With Microsoft cloud solutions, the city has been able to take advantage of multilayered security without having to make additional investments in third-party security solutions. Azure encompasses built-in security controls and services that strengthen identity and access management, data protection, network and application security. The platform-as-a-service offering features several layers of security across data, applications, virtual machines, network and perimeter, along with physical security delivered by Microsoft’s geographically dispersed data centers.

Microsoft encrypts data at rest and uses machine learning to make security recommendations and proactively alert IT teams about security vulnerabilities. Azure also integrates distributed denial-of-service (DDoS) protections to mitigate the likelihood of these attacks and strengthen perimeter security, which has become even more critical as government organizations embrace remote and hybrid work.

Through the Azure Security Center, government IT teams can access a threat intelligence dashboard to increase visibility into their Azure workloads. Azure is subject to regular third-party security audits to ensure the platform continues to have robust security controls and complies with security and privacy standards, such as SOC 2, ISO/IEC 27001 and others. The platform also manages security in line with an organization’s internal governance policies and access controls.


Frisco has taken advantage of this built-in security and adopted solutions such as Windows Defender ATP for advanced threat protection.

The city has multiple departments with different security and data protection requirements. Windows Defender ATP allows the city to access a dashboard that provides end-to-end analytics across its security operations, including intelligence regarding when a specific security event has occurred and which systems, files and applications it affected. Frisco also uses Microsoft Endpoint DLP (data loss prevention), which is integrated with Defender, to prevent and mitigate data loss on devices and other endpoints. These protections are in addition to the built-in DLP protections within Microsoft 365.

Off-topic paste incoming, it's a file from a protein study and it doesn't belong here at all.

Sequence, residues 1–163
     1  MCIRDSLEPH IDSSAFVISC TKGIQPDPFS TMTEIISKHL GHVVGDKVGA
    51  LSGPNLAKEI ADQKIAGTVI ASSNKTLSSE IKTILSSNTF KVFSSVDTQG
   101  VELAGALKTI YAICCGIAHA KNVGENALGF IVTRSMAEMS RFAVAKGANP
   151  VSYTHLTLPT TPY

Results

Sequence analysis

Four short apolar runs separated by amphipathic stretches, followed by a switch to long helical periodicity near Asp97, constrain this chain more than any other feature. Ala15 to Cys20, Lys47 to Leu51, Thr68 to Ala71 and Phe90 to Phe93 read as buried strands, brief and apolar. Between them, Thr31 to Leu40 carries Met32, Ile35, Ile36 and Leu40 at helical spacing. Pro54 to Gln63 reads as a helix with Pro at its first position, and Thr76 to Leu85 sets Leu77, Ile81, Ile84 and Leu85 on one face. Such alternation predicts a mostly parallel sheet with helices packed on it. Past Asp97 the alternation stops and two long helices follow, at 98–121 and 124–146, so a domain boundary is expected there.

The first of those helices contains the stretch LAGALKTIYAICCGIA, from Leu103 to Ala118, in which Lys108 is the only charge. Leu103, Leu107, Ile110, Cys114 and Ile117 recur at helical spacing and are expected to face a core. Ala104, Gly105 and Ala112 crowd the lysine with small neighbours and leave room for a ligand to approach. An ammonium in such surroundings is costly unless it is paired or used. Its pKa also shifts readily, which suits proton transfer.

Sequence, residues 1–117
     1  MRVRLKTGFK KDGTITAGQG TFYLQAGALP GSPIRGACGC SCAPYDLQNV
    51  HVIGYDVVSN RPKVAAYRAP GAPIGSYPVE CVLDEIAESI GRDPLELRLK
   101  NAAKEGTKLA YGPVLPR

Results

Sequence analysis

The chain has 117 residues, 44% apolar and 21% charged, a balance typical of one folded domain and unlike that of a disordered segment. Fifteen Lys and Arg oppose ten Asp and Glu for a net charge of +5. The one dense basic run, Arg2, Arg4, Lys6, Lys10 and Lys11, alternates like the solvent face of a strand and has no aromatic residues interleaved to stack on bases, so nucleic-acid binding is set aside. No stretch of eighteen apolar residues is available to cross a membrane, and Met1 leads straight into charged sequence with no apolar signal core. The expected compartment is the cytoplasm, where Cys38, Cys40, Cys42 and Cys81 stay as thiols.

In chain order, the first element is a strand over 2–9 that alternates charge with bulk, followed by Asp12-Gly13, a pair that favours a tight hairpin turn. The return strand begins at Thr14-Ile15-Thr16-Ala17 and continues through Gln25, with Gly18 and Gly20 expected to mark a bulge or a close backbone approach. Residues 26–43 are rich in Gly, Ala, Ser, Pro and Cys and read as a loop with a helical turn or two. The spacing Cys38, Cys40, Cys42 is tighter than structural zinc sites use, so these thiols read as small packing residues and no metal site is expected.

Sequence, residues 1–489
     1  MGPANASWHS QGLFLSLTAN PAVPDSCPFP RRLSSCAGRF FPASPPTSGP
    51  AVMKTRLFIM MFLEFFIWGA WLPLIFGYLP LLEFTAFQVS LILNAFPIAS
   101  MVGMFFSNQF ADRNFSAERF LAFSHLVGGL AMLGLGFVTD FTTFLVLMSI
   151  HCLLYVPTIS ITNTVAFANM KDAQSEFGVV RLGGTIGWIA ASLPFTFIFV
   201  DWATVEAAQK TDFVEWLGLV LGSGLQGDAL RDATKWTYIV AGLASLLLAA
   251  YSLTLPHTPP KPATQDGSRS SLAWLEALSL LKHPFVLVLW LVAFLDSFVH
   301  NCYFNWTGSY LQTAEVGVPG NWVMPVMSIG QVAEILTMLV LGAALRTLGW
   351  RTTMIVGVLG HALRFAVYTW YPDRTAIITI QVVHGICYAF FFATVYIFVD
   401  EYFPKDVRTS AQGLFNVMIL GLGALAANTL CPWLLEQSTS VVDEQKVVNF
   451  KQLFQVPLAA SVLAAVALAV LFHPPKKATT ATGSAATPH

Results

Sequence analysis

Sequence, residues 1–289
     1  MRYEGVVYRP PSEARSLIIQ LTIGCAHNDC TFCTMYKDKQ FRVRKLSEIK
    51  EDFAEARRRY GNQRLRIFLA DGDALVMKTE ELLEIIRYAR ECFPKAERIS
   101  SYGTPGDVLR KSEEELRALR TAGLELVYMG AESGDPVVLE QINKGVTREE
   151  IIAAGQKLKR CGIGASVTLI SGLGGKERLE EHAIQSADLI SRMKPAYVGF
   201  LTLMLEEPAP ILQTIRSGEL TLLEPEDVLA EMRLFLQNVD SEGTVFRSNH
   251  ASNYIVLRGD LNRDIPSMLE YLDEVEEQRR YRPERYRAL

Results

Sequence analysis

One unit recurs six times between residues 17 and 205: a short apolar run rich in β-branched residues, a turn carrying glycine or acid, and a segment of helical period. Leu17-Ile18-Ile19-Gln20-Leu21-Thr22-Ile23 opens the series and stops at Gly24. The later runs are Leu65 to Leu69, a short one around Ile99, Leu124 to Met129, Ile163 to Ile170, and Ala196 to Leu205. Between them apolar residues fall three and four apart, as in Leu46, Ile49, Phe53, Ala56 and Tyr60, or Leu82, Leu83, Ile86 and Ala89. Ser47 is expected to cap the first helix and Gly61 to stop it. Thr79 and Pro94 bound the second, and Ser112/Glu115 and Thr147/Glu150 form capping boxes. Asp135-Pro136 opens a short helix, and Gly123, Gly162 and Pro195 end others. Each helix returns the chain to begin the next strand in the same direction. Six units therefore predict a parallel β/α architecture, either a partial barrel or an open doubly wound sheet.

Greg Givens, Frisco’s CISO, said integrating the Microsoft ecosystem into the city’s security operations has benefited his organization tremendously.

“It gives us insight into our environment. All of the different modules talk together, so it allows us to correlate not just a single event, but also what we’re seeing across multiple platforms within that ecosystem, which is just verification for us that we need to take some action,” Givens said.

Givens added that streamlined automation and advanced remediation are some of the biggest benefits his organization has reaped from using Microsoft cloud solutions.

“I can go into all of the different portals and I have the ability to configure those as I want — whether that is to ‘alert only’ or alert and take some type of action,” he said, adding that Microsoft’s platform and services are configured to align with Frisco’s various security policies, such as disconnecting the network automatically without user intervention to review a security incident.

Going forward, the city plans to continue modernizing its IT and security infrastructure with Microsoft cloud solutions. Leblond said Microsoft has helped the city move toward a zero-trust approach, which will support its plans for anywhere-anytime connectivity for employees.

“The corporate network is no longer behind firewalls — it’s everywhere. Basically, your network is the Internet,” he said. “The technologies we’ve implemented have allowed us to give employees the efficiency and flexibility to work on any device, anytime, anywhere.”

Leblond added that modernizing with Microsoft has helped his organization develop the secure foundation it needs to be more future-ready and innovate how it delivers services.

“I remember being at some Ignite sessions and thinking, ‘That would be really great to someday be able to see that,’” Leblond said. “To go from what I saw at one of those sessions and now see it in real time in our environment, it’s actually very impressive.”